Join Paul F. Aubin for an in-depth discussion in this video Understanding material appearance, part of Revit: Rendering.
- In this movie, we're going to dig into the settings that affect a material's appearance. So to do that, I'm going to go to the Manage tab and click the Materials button. That will display the material browser and previously, I just stretched it down here to make it a little bit larger, so that it will fill the screen. Now, you can select any material here on the list and I'm gonna select Brick Common because I'm using that there in the background for that wall. And you'll notice that when I select Brick Common, it's got five tabs across the right hand side here in the material editor portion of the dialogue.
Now, right above that there's a material called Analytical Wall Surface and it only has three tabs. Now if I click this small plus sign, you can see that the two tabs that are missing are Physical and Thermal. So let's just briefly talk about what each tab does and then we'll focus on Graphics and Appearance. That's gonna be our main focus here in this movie. Identity is just the information that would appear in schedules. So any information that you just wanna report about that material is gonna be under Identity data.
So it doesn't do anything graphically. Graphics and appearance are gonna control the graphics. We're gonna dig into those shortly. Physical is for structural materials. These are the aspects of the material that your structural engineer would care about. So for example, if I come over here and I start typing in concrete and I locate a concrete material, you'll notice that it has some structural characteristics to it. Some of the other materials might have that as well, but there will certainly be materials that won't have any structural characteristics. In fact, in some cases the materials won't even have that tab.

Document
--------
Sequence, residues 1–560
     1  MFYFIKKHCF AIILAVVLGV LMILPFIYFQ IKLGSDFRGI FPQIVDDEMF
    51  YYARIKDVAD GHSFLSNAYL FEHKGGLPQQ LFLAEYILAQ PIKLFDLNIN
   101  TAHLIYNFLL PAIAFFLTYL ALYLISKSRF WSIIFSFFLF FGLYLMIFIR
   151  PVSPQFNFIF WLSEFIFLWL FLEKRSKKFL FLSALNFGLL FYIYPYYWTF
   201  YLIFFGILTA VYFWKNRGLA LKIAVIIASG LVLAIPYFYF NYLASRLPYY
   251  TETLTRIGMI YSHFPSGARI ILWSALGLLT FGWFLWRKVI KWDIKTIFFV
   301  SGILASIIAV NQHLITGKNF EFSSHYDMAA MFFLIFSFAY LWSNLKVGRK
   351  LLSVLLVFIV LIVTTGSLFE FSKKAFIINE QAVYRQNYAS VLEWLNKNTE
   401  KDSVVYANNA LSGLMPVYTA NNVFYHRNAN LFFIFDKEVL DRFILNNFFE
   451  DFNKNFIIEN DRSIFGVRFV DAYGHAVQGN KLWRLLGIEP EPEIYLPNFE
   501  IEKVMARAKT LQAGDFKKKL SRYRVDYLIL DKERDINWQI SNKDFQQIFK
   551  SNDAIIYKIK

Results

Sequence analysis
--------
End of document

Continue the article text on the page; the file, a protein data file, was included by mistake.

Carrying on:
So when I click on Carpet, for example, there's nothing structural about carpet, so it doesn't have the Structural tab at all. Now you could argue that there might be some thermal characteristics to carpet. Maybe there's some slight insulation value. So if you wanted to, you could add the Thermal aspect to it. Thermal aspect is about it's R value and it's insulating properties and so on. So you can see here that there's a variety of properties for it's conductivity or it's permeability and so on. So your mechanical engineers would be interested in that tab.
So really this tab is for the MEP folks, this tab is for the structural folks, and the two tabs that we care about for rendering, certainly, are Graphics and Appearance. So let's start with Graphics because this is the one that you see most of the time. With the Graphics settings, you've got Shading, Surface Pattern and Cut Pattern. Now I'm going to take the browser here and kinda move it out of the way, so that we can see the wall in the background. And you can see this reddish color here is clearly reflected here in the background on this wall surface.